BEING A RACE-DAY VOLUNTEER IS ALL IN A DAIS WORK
Ten days after my sub-three-hour marathon I moseyed down to my running club’s track championships to volunteer. The organisers identified me as an idiot and, accordingly, gave me a very simple task – to get the announcer’s dais out of the clubhouse and leave it by the side of the track. This instruction led me down a twisted path of first identifying the object itself, followed by searches for various keys and, finally, a long and ill-fated attempt to squeeze the dais through an impossibly small space. After 45 minutes the man who gave me the task appeared. ‘The event’s starting soon,’ he said. ‘They’re minus a dais.’ ‘ It’s a bit of a tight squeeze,’ I explained. ‘ In fact, I think it’s stuck.’ The man pointed out the now obvious wide side door they use to move the dais. I wheeled it sheepishly through. There ended my contribution to the London Heathside AC Championships. I watched with pride as the announcer ascended the steps to the dais and the evening began.
It was the first time I’d attended a club championships and the atmosphere was one of giddy excitement. On the track there was a programme of 200m, 400m and the big event – the 1500m. Most of the guys who ran the marathon weren’t competing, it was too soon. Certainly, my legs were still tender after the event. But Gavin, a tough, over-55 vet, was doing the 200m. He did a sub-three in London but can turn them out seemingly at will. He trotted off to the start like a teenager. Another mate was trying the javelin for the first time. She was injured, couldn’t do London and had turned her eyes to the Snowdonia Marathon. Others drifted around. We took the opportunity to share running war stories.
I fell into a chat with Mario, a gentle-natured but fiercely competitive New Yorker. He was coming off a 2:45 PB in London, and I chided him for his laziness and general slapdash attitude towards running. It was a joke, of course – he’s on a fiercely steep trajectory. He’s getting faster all the time, but he’s getting older as well. He’s wrestling with the how much faster can I get/ how much more can I give it? conundrum. For London he regularly ran 80-90 -mile weeks and combined this huge mileage with a strict dietary regime of no booze and no coffee. We confessed to feeling slightly untethered after London. When the focus falls away, what’s left?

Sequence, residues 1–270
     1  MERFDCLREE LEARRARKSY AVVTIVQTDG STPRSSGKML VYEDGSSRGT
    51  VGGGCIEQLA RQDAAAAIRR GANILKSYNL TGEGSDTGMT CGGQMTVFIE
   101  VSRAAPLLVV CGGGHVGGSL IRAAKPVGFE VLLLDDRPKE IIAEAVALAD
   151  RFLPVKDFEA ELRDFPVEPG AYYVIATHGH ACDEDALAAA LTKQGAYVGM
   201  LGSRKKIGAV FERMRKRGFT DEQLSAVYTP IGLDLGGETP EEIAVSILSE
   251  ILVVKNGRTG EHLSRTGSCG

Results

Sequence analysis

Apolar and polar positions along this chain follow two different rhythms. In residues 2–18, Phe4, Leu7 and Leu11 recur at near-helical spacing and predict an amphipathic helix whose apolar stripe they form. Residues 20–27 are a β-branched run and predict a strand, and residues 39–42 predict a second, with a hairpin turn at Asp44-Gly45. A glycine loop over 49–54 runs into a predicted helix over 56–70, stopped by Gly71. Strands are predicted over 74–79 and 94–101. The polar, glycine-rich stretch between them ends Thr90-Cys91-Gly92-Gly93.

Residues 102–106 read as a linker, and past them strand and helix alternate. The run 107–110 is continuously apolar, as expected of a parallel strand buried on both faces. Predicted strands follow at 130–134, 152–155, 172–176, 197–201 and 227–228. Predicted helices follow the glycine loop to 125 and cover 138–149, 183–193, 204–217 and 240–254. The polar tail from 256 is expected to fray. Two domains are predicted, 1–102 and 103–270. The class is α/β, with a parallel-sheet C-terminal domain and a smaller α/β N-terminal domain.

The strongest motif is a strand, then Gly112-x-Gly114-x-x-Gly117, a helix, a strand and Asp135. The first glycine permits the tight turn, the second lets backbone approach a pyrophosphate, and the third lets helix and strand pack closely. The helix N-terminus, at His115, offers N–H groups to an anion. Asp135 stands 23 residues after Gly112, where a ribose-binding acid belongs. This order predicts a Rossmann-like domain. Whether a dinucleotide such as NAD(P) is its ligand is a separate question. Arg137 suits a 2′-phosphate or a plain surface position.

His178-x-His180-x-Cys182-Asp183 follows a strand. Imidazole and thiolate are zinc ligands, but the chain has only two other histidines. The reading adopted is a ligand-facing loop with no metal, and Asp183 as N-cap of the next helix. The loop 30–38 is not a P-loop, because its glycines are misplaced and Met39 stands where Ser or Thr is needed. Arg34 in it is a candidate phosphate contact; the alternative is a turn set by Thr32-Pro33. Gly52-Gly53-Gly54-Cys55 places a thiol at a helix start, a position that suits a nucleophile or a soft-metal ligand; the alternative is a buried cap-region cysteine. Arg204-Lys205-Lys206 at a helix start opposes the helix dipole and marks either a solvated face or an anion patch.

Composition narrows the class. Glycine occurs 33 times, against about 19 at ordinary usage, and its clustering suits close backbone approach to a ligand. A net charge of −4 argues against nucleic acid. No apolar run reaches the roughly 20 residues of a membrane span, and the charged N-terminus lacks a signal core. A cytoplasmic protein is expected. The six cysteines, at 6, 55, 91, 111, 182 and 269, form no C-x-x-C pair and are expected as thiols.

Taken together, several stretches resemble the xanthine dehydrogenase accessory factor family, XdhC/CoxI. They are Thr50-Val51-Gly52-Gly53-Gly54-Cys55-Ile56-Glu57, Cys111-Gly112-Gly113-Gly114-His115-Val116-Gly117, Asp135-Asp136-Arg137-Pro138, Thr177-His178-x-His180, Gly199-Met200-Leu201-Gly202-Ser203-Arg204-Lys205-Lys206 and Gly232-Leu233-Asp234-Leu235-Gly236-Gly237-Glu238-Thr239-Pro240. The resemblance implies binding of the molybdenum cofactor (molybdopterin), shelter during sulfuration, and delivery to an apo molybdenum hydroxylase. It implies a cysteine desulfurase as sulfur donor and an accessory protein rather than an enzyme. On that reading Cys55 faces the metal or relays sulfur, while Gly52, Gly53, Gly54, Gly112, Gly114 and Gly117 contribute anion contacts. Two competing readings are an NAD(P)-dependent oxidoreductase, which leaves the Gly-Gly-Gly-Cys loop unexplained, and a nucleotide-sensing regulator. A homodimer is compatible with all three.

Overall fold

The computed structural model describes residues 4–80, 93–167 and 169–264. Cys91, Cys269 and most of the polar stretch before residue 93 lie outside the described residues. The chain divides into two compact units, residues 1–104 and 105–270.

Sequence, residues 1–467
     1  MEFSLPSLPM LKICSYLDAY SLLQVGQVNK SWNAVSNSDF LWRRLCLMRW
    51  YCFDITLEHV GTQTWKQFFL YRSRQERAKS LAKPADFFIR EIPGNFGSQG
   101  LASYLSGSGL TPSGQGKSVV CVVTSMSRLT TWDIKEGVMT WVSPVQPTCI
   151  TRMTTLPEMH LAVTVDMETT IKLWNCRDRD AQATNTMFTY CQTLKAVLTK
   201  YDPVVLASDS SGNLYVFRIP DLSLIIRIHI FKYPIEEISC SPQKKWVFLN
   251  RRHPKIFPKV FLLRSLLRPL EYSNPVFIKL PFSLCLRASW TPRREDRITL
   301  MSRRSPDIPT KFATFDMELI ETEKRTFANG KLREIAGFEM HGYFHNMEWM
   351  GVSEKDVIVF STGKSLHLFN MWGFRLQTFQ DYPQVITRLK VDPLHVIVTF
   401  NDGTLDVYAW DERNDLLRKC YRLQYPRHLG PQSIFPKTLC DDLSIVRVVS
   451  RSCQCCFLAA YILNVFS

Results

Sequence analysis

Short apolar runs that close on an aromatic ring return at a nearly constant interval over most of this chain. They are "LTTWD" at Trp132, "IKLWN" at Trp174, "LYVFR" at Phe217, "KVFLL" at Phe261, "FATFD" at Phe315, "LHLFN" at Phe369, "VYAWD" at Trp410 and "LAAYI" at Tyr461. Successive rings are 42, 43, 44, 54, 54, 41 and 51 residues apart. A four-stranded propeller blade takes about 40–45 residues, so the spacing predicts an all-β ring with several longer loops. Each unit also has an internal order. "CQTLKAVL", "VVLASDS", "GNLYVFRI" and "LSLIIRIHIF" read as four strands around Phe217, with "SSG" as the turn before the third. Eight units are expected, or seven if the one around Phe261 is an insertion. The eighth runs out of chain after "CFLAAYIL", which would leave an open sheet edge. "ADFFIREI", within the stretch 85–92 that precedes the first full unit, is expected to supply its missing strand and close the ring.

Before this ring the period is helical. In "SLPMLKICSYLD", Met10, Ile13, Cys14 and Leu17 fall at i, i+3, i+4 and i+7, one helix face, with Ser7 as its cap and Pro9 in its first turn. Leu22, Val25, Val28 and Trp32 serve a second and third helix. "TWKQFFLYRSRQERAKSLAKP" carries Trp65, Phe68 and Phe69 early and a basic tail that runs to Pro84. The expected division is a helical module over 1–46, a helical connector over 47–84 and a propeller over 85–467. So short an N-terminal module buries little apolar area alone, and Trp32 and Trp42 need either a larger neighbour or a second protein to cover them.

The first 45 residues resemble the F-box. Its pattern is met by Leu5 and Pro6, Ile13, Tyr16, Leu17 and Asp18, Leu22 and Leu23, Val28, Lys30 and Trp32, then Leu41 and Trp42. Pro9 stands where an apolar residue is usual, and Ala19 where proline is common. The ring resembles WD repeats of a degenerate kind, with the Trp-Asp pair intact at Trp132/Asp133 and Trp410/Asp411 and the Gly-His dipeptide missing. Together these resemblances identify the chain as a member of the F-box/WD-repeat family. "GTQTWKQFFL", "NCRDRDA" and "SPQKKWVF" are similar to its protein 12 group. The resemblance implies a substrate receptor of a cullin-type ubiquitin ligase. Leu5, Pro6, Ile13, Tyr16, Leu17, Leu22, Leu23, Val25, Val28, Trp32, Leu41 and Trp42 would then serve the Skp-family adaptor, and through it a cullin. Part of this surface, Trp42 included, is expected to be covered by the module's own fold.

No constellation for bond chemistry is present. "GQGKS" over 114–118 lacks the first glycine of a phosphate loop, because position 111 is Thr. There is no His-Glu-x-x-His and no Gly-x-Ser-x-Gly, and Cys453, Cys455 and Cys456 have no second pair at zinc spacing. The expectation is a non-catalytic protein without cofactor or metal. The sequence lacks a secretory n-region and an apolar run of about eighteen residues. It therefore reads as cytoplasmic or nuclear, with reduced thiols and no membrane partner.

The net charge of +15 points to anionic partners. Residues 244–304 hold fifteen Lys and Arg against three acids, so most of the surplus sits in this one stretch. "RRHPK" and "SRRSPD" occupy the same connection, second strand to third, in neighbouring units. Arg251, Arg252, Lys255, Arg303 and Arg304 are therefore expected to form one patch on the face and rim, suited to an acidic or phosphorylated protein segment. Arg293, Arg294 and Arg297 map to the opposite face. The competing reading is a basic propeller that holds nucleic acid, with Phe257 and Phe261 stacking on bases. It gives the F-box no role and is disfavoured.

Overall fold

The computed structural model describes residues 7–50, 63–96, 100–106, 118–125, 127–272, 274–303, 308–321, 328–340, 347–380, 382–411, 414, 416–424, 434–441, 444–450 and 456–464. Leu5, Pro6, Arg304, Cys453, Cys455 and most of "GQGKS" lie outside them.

I have vague plans to do some track races, try to get faster. Maybe an Autumn marathon. It’s all a bit blah. Every marathon, we decided, is wiping the slate clean – it’s the end of one experience and the start of a new one. We concluded there was something in all of us who commit to these races that enjoys the hardship, the long runs, the pain, the simple pattern of life that it entails. We were already missing it.
It also changes you. London left me wanting to be permanently healthier. My long-anticipated collapse into a vat of wine and biscuits after achieving my goal didn’t really materialise. I did try, but my heart wasn’t really in it. The fact is, I like being fit and trimmer.
In front of me, Gavin sprinted to the line. It’s all ages and genders racing together. I remembered school sports day and its ideals that were now playing out again before me: athleticism, play and the simple joy of running as fast as possible. Sarah returned from the javelin – she threw it 18 metres and it felt amazing. The athletes were milling around at the start of the 1500m. Summer opens out before us. I want to be out there, bettering myself.
‘On your marks,’ the announcer intoned, gun aloft, on my dais. ‘Set.’
Bang! Check out Paul and fellow comedian Rob Deering’s running podcast, Running Commentary – available on itunes and Acast. @ Runcompod